A 27-year-old New York resident of Bangladeshi descent attempted a suicide bombing in one of Manhattan’s busiest subway corridors on Monday morning.  The explosive, reported as a “low tech device” and believed to be a pipe bomb strapped to the man’s chest, is said to have detonated prematurely, injuring the attacker as well as four others, one of whom was a police officer.

The suspect has been identified as Akayed Ullah, a Brooklyn resident and former taxi driver.  His license to operate taxies in the city of New York lapsed in 2015, and although the suspect reportedly built the improvised explosive vest “at work,” his place of employment has not yet been released.

This photo from a 2011 drivers license shows Akayed Ullah, the suspect in the explosion near New York’s Times Square on Monday, Dec. 11, 2017. (AP Photo)

Ullah was born in the city of Chittagong in Bangladesh, and last visited the nation as recently as September 8th of this year.

At just after 7:00a.m., Ullah entered the Port Authority Bus Terminal in Manhattan and filed into the commuter-dense crowd, not far from Times Square.  At 7:20, he detonated the pipe bomb attached to his body with a “combination of Velcro and zip ties,” suffering burns to his hands and abdomen.  He was listed in critical condition, while the four people he harmed in the explosion suffered only minor injuries.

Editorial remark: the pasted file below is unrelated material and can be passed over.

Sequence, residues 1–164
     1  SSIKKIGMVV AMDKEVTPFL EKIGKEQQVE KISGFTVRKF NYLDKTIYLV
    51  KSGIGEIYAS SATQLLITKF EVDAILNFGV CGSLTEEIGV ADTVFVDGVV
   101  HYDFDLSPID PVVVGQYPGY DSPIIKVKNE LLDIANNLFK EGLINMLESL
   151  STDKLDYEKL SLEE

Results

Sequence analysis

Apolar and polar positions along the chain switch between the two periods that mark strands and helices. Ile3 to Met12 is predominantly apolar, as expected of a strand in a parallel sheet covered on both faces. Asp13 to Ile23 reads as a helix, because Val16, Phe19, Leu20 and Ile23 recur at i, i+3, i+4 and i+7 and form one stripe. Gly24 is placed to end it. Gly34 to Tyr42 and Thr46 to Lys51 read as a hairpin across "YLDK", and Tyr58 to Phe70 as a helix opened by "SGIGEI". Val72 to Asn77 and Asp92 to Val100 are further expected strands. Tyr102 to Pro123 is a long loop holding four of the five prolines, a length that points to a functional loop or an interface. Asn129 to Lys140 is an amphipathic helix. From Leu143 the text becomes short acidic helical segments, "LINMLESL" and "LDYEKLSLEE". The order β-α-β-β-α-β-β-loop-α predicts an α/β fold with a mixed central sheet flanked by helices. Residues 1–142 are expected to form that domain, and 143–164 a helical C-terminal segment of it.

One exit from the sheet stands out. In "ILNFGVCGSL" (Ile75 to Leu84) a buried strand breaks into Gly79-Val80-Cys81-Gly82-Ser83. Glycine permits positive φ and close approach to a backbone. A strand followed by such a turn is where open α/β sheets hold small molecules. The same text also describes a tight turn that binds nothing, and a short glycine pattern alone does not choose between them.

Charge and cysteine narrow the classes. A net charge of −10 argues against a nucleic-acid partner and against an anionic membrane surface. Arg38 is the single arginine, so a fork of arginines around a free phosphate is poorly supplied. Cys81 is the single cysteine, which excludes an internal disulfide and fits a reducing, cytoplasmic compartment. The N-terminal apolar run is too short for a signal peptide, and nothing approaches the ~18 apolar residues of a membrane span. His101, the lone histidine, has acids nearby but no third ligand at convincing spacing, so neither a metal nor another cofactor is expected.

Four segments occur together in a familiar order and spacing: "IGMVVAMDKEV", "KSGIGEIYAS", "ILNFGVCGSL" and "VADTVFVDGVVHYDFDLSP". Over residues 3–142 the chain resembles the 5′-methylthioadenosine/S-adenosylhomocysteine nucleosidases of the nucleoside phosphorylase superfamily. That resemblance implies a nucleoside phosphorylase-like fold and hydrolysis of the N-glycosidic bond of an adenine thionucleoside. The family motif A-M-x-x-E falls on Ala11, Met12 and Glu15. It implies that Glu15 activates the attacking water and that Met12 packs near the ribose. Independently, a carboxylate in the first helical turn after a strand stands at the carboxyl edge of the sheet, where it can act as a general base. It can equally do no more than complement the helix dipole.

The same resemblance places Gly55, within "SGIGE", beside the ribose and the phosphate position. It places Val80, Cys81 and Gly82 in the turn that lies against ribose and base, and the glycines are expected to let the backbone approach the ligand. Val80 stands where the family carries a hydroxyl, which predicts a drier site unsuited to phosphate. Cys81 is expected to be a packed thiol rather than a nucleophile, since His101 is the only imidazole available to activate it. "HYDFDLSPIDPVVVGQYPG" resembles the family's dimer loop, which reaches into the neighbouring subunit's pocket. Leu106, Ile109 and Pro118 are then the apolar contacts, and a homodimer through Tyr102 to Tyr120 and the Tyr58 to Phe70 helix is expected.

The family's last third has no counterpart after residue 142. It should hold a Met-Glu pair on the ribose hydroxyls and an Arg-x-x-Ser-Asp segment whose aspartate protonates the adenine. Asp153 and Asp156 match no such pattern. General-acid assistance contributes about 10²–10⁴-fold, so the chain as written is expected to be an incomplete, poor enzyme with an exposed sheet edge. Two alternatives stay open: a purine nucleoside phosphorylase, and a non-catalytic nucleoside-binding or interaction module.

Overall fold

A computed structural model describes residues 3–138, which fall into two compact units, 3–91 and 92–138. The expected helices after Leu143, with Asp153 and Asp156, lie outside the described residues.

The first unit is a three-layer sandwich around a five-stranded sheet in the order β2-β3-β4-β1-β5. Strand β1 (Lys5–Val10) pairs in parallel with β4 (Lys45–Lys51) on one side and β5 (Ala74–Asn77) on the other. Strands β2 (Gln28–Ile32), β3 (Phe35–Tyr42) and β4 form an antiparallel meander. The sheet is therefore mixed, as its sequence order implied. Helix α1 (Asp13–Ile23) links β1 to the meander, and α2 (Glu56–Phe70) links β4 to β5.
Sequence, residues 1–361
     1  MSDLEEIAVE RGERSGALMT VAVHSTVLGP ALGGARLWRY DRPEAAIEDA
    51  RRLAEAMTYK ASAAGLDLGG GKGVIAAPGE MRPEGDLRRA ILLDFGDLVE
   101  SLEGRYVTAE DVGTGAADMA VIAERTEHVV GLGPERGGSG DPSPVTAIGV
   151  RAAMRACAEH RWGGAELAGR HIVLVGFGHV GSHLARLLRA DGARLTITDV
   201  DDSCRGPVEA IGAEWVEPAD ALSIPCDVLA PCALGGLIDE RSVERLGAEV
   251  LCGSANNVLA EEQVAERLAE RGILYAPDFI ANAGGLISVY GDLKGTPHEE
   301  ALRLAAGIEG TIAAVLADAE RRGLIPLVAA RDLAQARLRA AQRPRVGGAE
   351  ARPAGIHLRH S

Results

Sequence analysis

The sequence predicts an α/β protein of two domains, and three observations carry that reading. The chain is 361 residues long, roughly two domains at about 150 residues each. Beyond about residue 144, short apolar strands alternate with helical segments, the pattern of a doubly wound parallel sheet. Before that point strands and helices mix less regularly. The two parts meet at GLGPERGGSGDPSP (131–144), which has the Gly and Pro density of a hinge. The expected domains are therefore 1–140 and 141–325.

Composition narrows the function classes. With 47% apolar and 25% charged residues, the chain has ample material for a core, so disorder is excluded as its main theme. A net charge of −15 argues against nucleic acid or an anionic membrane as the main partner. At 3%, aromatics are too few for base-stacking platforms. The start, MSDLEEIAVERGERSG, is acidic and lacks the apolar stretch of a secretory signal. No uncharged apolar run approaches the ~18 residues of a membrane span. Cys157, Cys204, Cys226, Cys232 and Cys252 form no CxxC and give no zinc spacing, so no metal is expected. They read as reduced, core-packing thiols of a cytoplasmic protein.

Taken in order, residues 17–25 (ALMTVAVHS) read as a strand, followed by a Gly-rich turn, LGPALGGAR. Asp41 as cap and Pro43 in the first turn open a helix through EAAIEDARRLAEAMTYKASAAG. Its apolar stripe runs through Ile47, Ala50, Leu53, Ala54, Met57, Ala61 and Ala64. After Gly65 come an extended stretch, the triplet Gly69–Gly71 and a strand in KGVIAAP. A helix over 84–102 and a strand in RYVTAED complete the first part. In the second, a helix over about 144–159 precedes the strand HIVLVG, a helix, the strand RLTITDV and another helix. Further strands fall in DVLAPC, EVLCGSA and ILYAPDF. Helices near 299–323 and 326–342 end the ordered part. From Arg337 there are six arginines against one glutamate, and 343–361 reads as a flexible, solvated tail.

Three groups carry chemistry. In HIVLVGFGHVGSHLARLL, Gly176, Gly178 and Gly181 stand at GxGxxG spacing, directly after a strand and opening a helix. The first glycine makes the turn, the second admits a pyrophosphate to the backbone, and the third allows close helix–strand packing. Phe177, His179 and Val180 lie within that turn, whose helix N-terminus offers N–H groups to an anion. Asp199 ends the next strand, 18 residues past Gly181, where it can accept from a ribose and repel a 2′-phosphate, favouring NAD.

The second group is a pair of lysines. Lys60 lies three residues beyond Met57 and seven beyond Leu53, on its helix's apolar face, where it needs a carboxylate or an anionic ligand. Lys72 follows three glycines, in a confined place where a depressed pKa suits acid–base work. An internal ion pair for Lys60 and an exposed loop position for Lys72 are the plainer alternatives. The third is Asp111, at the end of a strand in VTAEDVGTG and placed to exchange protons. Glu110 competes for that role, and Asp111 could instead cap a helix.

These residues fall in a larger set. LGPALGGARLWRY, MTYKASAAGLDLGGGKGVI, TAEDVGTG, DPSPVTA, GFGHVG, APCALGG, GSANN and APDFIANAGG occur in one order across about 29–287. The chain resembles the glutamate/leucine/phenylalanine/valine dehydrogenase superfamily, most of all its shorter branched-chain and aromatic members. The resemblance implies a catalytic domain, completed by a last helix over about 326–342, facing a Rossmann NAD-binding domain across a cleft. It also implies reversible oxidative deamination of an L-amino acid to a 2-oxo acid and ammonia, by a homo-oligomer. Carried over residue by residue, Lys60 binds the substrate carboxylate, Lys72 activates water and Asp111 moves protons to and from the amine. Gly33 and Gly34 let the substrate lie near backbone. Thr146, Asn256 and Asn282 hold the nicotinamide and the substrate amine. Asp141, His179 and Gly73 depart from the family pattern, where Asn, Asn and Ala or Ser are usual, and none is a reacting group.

“Our lives revolve around the subway,” the mayor said. “The choice of New York is always for a reason, because we are a beacon to the world. And we actually show that a society of many faiths and many backgrounds can work.”

“The terrorists want to undermine that,” the mayor added. “They yearn to attack New York City.”

Although no official word has been released regarding legitimate ties to terror groups like ISIS, statements from law enforcement officials, as well as the Mayor’s statement, indicate that the incident is clearly being treated as a terror attack.  That distinction means the investigation will fall under New York’s Joint Terrorism Task Force, a cross-agency law enforcement team comprised primarily of FBI agents and New York City detectives, along with representatives from multiple other federal and local law enforcement agencies.

“In the course of the post-9/11 world, as you are aware, there’s also been approximately 26 plots that we can talk about that have been prevented through intelligence, investigation and intervention.” John Miller, deputy police commissioner of intelligence and counterterrorism said in a Monday morning press conference.